Milanese investment banker Ruggiero Magnoni has a daily schedule that seems impossible to cram into 24 hours. On one morning in late March, the head of European mergers and acquisitions for Lehman Brothers Inc. is in Munich, closing a deal that will bring Italy's Silvio Berlusconi and Saudi investor Prince Alwaleed bin Talal into the tightly held German media empire of Leo Kirch. Next, Magnoni jets to Milan to strategize on Olivetti's $58.5 billion hostile bid for giant phone company Telecom Italia. Finally, he rushes to London to line up the $24.5 billion financing Olivetti needs. Between meetings, Magnoni, 48, finalizes contracts for the team of London-based bankers Lehman has just snatched away from rival Deutsche Bank.
As Magnoni's schedule shows, merger frenzy is hitting Europe big-time. On Mar. 19, French conglomerateur Francois Pinault launched a bidding war for Italy's Gucci in a direct challenge to luxury-goods baron Bernard Arnault. A few days later, four of the biggest Italian banks announced they would merge into two, creating Italy's first megabanks and leaving former heavyweight Mediobanca in the cold. Meanwhile, the fight in France as Banque Nationale de Paris (BNP) tries to gain control of two rivals rages on. "This is only the beginning," says Magnoni of the dealmaking. "It's going to go on for the next five years."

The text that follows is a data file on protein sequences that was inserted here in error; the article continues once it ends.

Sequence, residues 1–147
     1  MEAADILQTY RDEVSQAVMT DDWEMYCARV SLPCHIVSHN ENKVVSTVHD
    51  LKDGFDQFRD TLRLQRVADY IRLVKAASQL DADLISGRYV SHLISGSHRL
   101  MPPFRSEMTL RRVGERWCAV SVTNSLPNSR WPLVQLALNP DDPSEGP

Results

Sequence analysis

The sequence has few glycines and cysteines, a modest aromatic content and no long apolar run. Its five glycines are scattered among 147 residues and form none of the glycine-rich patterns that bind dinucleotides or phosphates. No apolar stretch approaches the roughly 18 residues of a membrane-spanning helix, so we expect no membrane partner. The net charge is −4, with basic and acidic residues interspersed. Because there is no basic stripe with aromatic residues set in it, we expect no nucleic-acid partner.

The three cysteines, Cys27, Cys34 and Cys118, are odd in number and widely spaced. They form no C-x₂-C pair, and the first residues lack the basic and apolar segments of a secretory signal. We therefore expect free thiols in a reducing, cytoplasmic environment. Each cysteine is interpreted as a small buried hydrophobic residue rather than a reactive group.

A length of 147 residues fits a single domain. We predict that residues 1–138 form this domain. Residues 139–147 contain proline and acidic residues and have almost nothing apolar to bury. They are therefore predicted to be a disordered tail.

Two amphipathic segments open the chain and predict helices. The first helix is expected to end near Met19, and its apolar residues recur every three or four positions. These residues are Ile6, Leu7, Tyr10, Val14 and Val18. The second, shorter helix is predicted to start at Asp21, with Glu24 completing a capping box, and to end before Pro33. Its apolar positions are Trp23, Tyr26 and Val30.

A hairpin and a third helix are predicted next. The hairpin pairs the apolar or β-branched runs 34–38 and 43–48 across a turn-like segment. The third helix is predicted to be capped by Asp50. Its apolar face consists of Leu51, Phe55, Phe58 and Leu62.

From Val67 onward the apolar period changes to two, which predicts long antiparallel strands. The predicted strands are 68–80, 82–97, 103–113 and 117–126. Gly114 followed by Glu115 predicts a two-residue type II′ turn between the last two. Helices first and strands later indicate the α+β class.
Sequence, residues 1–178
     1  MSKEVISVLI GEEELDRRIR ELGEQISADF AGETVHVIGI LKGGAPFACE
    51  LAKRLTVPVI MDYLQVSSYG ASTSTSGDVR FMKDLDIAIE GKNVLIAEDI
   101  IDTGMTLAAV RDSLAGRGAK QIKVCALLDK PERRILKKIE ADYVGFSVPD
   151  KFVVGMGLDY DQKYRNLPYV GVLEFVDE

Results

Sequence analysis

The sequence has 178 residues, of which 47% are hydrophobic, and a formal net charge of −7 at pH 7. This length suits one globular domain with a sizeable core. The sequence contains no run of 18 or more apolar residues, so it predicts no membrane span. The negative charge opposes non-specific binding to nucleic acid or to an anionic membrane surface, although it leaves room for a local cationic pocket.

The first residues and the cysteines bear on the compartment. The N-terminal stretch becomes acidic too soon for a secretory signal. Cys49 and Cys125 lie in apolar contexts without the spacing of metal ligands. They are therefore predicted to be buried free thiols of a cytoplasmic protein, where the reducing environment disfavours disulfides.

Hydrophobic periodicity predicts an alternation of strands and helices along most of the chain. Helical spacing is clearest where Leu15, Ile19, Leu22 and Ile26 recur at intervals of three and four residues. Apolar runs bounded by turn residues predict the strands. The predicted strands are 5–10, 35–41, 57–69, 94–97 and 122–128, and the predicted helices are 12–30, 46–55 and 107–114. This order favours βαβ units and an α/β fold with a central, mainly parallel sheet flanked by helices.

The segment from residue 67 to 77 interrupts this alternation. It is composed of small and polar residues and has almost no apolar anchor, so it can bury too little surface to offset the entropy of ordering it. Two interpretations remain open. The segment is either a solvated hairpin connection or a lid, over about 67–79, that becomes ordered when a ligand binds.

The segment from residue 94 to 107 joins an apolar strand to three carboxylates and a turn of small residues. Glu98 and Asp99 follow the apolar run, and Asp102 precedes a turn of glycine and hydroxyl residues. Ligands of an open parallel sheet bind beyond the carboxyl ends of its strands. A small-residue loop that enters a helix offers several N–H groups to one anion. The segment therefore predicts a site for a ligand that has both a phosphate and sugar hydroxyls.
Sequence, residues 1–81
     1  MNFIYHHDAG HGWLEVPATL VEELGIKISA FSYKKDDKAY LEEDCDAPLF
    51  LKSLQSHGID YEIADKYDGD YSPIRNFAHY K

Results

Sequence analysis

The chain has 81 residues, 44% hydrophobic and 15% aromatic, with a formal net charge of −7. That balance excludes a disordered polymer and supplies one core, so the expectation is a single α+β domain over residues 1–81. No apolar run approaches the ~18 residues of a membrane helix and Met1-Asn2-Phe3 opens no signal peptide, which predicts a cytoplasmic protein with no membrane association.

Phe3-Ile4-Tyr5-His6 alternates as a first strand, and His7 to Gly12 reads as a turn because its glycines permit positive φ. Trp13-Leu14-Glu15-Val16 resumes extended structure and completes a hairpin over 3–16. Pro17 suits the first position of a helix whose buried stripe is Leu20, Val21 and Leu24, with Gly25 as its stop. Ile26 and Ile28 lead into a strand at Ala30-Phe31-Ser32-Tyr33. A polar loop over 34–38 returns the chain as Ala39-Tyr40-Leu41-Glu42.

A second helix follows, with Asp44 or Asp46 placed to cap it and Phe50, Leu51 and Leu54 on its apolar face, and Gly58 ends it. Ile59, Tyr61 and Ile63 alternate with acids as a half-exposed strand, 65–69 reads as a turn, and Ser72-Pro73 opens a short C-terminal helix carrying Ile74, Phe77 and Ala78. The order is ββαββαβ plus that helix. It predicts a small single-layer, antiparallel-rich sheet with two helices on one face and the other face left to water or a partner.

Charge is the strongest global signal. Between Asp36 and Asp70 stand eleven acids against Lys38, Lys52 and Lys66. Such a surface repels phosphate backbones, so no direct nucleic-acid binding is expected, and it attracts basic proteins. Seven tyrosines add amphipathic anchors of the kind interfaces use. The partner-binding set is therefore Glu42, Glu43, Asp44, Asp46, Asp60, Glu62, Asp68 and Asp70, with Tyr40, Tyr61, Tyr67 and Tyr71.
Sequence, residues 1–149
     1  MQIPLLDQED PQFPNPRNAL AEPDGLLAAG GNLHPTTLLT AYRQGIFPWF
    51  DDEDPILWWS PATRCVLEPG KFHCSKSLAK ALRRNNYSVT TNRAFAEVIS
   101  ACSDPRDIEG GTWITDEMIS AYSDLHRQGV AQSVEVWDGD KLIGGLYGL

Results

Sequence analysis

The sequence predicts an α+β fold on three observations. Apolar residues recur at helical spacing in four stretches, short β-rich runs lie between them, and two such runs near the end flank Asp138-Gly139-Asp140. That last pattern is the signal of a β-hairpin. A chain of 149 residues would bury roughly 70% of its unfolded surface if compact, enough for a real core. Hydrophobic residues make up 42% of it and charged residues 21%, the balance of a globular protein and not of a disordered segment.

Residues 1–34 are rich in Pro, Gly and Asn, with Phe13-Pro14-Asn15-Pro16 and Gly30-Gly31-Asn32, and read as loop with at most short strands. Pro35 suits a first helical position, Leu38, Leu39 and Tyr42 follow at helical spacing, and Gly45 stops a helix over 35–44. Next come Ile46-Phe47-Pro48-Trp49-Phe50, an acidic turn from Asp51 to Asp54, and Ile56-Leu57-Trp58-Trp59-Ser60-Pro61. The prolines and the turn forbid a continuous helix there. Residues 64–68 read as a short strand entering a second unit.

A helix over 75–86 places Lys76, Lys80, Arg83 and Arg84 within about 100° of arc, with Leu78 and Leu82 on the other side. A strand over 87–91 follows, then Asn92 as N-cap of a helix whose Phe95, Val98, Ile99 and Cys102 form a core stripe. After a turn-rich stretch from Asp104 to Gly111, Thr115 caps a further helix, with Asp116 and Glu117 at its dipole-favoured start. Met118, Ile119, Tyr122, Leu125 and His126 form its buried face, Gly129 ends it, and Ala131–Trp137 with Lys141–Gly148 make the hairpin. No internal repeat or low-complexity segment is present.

Europe is seeing a burst of mergers and acquisitions that seems likely to put it on a par with the U.S. in the $1 trillion-per-year league. But just as formidable as the pace and size of deal mania in Europe is its new, cutthroat style. In place of quiet agreements among members of a clubby business elite are ferocious, drawn-out battles over corporate control that leave egos tattered. Newspaper readers are following the sagas like soap operas.
CHEAP MONEY. Until recently, hostile deals were considered declasse on the Continent. Now, three hostile bids--Gucci, Telecom Italia, and BNP--are playing out at once. And Europe is likely to see more raiding and feuding over the next few years. For one thing, corporate founding families and proud CEOs hate giving up control. At the same time, with the Continent awash in cheap money, other bosses see a once-in-a-lifetime opportunity to build empires. Until it becomes clear who the winners and losers are, bankers say, much of the reshuffling will be done through uninvited moves.
All the instability makes Europe a dealmaker's heaven. For years, investment bankers have been making the rounds of chief executives, telling them they need to strip down to core businesses, then bulk them up to survive the competition unleashed by globalization and the launch of the single currency. Now, that careful cultivation of clients is paying off, and Europe has a shot at becoming the world's deal capital. The reason: "Europe is 10 years behind the U.S." in consolidation, says Paul Gibbs, merger specialist at J.P. Morgan & Co. in London.
Indeed, in France, panicked managers are rushing to restructure before a hostile raider and his clever banker do it for them. During the past eight weeks, the action has taken a quantum leap, with a flurry of deals worth more than $50 billion. And advising on issues such as assets sales or a stock-market listing has given U.S. investment banks entree with top management. "The dialogue has grown over the past five years to be more intimate and to include not only financing issues but strategy," says Sylvain Hefes, head of European investment banking at Goldman, Sachs & Co. in Paris.